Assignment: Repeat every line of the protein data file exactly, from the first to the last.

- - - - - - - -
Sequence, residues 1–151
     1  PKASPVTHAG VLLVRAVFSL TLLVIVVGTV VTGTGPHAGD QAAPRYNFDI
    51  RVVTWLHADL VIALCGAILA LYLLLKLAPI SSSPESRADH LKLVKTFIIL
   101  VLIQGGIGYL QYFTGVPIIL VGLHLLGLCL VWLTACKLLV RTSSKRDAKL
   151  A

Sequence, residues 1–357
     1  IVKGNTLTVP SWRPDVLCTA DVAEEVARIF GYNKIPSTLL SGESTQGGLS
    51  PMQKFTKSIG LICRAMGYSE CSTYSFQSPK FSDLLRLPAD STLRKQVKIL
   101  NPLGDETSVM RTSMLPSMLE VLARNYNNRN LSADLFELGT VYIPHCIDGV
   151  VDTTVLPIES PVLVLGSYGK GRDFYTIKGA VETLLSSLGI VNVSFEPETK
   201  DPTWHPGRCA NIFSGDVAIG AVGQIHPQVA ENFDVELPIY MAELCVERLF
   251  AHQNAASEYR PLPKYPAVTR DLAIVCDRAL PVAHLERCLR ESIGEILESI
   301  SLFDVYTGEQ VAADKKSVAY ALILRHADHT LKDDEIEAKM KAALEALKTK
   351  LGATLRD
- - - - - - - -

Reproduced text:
Sequence, residues 1–151
     1  PKASPVTHAG VLLVRAVFSL TLLVIVVGTV VTGTGPHAGD QAAPRYNFDI
    51  RVVTWLHADL VIALCGAILA LYLLLKLAPI SSSPESRADH LKLVKTFIIL
   101  VLIQGGIGYL QYFTGVPIIL VGLHLLGLCL VWLTACKLLV RTSSKRDAKL
   151  A

Sequence, residues 1–357
     1  IVKGNTLTVP SWRPDVLCTA DVAEEVARIF GYNKIPSTLL SGESTQGGLS
    51  PMQKFTKSIG LICRAMGYSE CSTYSFQSPK FSDLLRLPAD STLRKQVKIL
   101  NPLGDETSVM RTSMLPSMLE VLARNYNNRN LSADLFELGT VYIPHCIDGV
   151  VDTTVLPIES PVLVLGSYGK GRDFYTIKGA VETLLSSLGI VNVSFEPETK
   201  DPTWHPGRCA NIFSGDVAIG AVGQIHPQVA ENFDVELPIY MAELCVERLF
   251  AHQNAASEYR PLPKYPAVTR DLAIVCDRAL PVAHLERCLR ESIGEILESI
   301  SLFDVYTGEQ VAADKKSVAY ALILRHADHT LKDDEIEAKM KAALEALKTK
   351  LGATLRD